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Secrets In The Shadows: The Art & Life Of Gene Colan: The Art and Life of Gene Colan Hardcover – 15 Sep 2005
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Top Customer Reviews
The 1970s saw Colan provide artwork for the entire first series of Tomb of Dracula, widely regarded as a classic of the horror genre. This series introduced the character of Blade the Vampire Hunter. Also in the 70s, Gene proved his talent for humour when he teamed up with Steve Gerber to produce the funniest satirical comic book of all time, Howard The Duck Omnibus HC. Forget the movie - check out the comics - they are wonderful.
In the 80s, Gene worked on Batman, Wonder Woman and other titles for DC. In the 90s he popped up as guest artist on titles he had helped to make famous in the 60s.
Colan's pencilling style is refreshingly loose while also being highly detailed and realistic. As a pencil artist, he uses a lot of shading and complex cross-hatching, making his work quite a challenge to ink.Read more ›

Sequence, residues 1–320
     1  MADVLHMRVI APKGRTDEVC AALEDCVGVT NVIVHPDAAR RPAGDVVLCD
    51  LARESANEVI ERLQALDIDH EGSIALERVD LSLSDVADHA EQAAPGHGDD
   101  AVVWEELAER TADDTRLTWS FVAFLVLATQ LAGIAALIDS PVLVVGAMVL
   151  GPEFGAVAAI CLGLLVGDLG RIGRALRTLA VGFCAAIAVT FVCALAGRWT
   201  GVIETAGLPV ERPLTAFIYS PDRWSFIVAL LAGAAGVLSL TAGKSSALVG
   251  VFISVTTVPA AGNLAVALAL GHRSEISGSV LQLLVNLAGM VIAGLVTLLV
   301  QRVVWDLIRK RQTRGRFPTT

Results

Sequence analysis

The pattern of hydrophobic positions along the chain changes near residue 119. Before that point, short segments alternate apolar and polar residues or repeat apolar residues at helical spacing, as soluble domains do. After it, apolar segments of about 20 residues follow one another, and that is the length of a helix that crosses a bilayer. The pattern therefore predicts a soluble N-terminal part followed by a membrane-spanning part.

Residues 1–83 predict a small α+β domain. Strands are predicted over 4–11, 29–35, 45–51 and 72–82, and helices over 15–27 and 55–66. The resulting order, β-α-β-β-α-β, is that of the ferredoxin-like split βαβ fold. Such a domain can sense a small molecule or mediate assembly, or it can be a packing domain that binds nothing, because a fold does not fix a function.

Most Helpful Customer Reviews on Amazon.com (beta)
Wonderful insight and candid anecdotes on Gene's personal life and how that impacted his art lend a real depth to the artist's history. Tom's writing style is clear and compelling, making the book very hard to put down.
An able assist from best-selling author Glen Gold adds considerably to the book, along with a terrific afterword from internationally renowned artist Mark Staff Brandl. Interviews with Gene, Stan Lee, premiere inker Tom Palmer, and acclaimed writers Steve Gerber and Marv Wolfman, provide enthralling perspective on how gratifying it was to work with Gene, both in terms of the amazing artwork he did, and in terms of what a fine and gentlemanly person Gene is.
The many illustrations show Gene's advancement as an artist, from early sketches Gene did as a child, to the masterful work he did on such books as Daredevil, Iron Man, Howard the Duck, and Tomb of Dracula. Recent commissions are shown both before and after inking, which lends great insight into how the inker affects the completed page, and how different artists approach Gene's challengingly detailed work.
This book is one great read, and is another terrific addition to the history of the Silver age from TwoMorrows publishing. I cannot recommend it highly enough.